During one of the times Powell was dug up, his head was not reburied, but kept by the Army Medical Museum. It was later sent to the Smithsonian, where it ended up among the many Native American remains there. Powell’s head was rediscovered in the 1990s when Native American remains were being repatriated to different tribes.

True, the head of Lewis Thornton Powell was found in the Smithsonian’s collection of Native American remains. But the skull was positively identified as belonging to Lewis Powell.

Once positive identification was made of the skull, it was reburied in a cemetery in Geneva, Florida, next to Lewis’ mother, Caroline Powell.

A more detailed description of the forensic investigation can be found on this website, which I have shown a few photos from below:


On the front of Lewis Powell’s skull is the catalog number from the U.S. Army Medical museum, 2244.

Front view of skull with catalog number.

On the side is written, “white U.S.,” which indicates that he is a white person from the United States, not a Native American.

Side view of skull with indication of the race and origin.

It was typical to label the skull in this manner. The phrenology collection of skulls by Dr. Samuel Morton in Philadelphia (which numbered about 8000 skulls) from the 19th century had similar catalog numbers engraved on them with also the race and where they came from mentioned in Dr. Morton’s catalog.

Lewis Powell was kicked by a mule when he was a teenager, which broke his jaw. He has a peculiar jawline which is not symmetrical because of this accident. This is plainly evident on the skull. Using well known modern forensic techniques, the photographs of Powell was lined up with the skull. They lined up precisely. (Below.)

How do we know for certain that this same skull is not Osceola? Because we also have a cast of Osceola’s head. Not a photograph, but a death mask. When Osceola died, a plaster cast was made of his head, as well as his hands and his upper torso. Several copies of these casts were made. You can easily find these on the internet if you want. I am not going to post a photo of them here because some of my Seminole friends find it offensive.

Comparing the image of the skull with death mask of Osceola, shows that they had an entirely different jaw line. Lewis Powell had a square, asymmetrical jaw. Osceola has a narrow, thin jaw. There was also a feature on Osceola’s head described by Dr. Weedon’s grand-daughter, that I have been told about, that is not present on the skull of Lewis Powell.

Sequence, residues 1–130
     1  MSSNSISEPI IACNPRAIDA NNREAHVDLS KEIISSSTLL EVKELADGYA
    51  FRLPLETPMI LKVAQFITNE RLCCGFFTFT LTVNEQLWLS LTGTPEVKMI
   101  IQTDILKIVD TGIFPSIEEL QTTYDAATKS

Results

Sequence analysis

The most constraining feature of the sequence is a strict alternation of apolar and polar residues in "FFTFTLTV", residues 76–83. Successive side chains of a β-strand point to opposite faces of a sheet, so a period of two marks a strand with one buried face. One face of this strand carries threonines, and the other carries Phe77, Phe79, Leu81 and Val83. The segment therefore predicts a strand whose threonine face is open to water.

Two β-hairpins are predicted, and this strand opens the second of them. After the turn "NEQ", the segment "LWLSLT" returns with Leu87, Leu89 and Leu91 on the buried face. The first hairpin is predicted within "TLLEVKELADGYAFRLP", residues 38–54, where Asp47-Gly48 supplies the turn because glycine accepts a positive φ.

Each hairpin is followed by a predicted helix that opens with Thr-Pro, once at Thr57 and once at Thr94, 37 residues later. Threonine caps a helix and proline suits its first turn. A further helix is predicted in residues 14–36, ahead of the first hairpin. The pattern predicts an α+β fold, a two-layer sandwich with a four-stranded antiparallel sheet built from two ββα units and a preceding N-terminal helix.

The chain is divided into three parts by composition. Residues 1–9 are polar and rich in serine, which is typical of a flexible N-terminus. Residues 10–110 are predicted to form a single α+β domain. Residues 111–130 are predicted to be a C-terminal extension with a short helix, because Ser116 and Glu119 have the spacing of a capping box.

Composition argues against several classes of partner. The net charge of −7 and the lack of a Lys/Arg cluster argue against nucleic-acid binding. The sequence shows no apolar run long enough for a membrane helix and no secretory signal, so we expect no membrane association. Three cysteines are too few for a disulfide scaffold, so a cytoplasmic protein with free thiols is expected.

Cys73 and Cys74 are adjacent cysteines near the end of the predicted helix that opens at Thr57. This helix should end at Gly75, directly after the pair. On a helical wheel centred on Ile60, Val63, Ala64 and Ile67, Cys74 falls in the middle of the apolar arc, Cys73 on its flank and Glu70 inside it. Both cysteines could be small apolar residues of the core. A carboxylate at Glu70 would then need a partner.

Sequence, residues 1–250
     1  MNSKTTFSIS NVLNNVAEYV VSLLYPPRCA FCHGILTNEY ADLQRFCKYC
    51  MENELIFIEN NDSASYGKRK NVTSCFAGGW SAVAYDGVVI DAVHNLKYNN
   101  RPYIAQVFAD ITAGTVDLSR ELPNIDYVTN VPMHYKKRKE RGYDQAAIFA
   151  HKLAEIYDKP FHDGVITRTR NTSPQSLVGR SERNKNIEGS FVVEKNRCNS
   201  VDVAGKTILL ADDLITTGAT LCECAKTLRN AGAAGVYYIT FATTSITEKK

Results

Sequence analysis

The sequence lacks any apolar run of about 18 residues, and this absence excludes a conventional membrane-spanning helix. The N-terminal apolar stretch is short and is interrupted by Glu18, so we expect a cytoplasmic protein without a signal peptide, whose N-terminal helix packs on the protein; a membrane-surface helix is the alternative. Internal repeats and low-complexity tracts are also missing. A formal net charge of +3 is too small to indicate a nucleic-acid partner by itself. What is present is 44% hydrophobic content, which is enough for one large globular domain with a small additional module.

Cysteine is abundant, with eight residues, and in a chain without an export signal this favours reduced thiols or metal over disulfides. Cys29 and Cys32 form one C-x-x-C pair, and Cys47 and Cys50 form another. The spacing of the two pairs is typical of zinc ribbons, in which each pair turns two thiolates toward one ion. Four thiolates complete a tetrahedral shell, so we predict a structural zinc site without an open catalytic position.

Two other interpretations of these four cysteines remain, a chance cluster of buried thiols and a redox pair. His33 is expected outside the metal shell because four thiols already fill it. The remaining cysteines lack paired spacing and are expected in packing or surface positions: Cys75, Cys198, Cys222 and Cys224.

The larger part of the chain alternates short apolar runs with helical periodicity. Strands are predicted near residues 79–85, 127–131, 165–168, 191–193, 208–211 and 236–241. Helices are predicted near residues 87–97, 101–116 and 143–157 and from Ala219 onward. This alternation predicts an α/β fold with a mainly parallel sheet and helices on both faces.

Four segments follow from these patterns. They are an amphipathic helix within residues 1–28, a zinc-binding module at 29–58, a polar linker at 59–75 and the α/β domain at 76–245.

Lewis Powell and Osceola do not have similar facial anatomy. The skull has been proven to be Lewis Powell using modern forensic science that has been used many times to discover the identity of skeletal remains.

As far as Lewis Powell and Osceola being possibly related, there is no proven connection shown. I will discuss this in another blog.

Fort King Post Returns Part 3, 1840-1843

This is the third and final set of the post returns of Fort King. I have more information in my book, “Alachua Ambush” of the events in 1840 and 1841, especially about Captain Rains and the battle near Fort King.

I would like to inform anyone that this blog is copywritten material and cannot be copied and reproduced without my permission. I have seen some of my other work show up on websites and in books. I recognize the material when I see it, and know when the authors did not have my permission. Especially when they do not give sources. That is theft and takes away from my years spent in time, research, and the books that I have written. I have grounds to take legal action if I feel it is necessary. Thank you.

Below: Post Return from April 1840.

Fort King Post Returns part 3

January 1840
The companies switch with Fort Micanopy, and Co. A, 7th Infantry with Capt. Gabriel J. Rains assumes command of Fort King. 47 men at the post. Surgeon S.P. Moore remains as surgeon at the post.

February 1840
44 men at the post.
Orders given are that if Indians attack, to notify the nearest posts. Orders are given to examine the bridge on the Ocklawaha River and report on its condition. (Capt. Rains will replace it with a pontoon bridge that was designed by the late Col. John Lane.)